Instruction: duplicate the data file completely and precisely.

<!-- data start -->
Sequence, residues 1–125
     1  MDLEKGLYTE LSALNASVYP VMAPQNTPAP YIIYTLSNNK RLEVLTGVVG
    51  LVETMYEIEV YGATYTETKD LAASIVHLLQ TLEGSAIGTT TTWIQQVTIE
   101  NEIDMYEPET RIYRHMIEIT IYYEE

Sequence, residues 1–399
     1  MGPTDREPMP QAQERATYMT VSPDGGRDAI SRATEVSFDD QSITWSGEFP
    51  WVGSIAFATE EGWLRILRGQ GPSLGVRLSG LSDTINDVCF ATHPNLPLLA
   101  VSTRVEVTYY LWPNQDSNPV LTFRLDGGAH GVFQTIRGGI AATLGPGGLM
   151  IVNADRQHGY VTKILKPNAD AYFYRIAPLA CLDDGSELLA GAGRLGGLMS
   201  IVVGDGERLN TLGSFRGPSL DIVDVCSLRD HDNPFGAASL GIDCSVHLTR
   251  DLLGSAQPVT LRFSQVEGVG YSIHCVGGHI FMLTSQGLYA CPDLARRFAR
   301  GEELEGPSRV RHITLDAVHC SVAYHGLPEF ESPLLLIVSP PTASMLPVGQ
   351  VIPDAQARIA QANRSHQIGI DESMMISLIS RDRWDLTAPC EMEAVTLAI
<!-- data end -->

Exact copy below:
Sequence, residues 1–125
     1  MDLEKGLYTE LSALNASVYP VMAPQNTPAP YIIYTLSNNK RLEVLTGVVG
    51  LVETMYEIEV YGATYTETKD LAASIVHLLQ TLEGSAIGTT TTWIQQVTIE
   101  NEIDMYEPET RIYRHMIEIT IYYEE

Sequence, residues 1–399
     1  MGPTDREPMP QAQERATYMT VSPDGGRDAI SRATEVSFDD QSITWSGEFP
    51  WVGSIAFATE EGWLRILRGQ GPSLGVRLSG LSDTINDVCF ATHPNLPLLA
   101  VSTRVEVTYY LWPNQDSNPV LTFRLDGGAH GVFQTIRGGI AATLGPGGLM
   151  IVNADRQHGY VTKILKPNAD AYFYRIAPLA CLDDGSELLA GAGRLGGLMS
   201  IVVGDGERLN TLGSFRGPSL DIVDVCSLRD HDNPFGAASL GIDCSVHLTR
   251  DLLGSAQPVT LRFSQVEGVG YSIHCVGGHI FMLTSQGLYA CPDLARRFAR
   301  GEELEGPSRV RHITLDAVHC SVAYHGLPEF ESPLLLIVSP PTASMLPVGQ
   351  VIPDAQARIA QANRSHQIGI DESMMISLIS RDRWDLTAPC EMEAVTLAI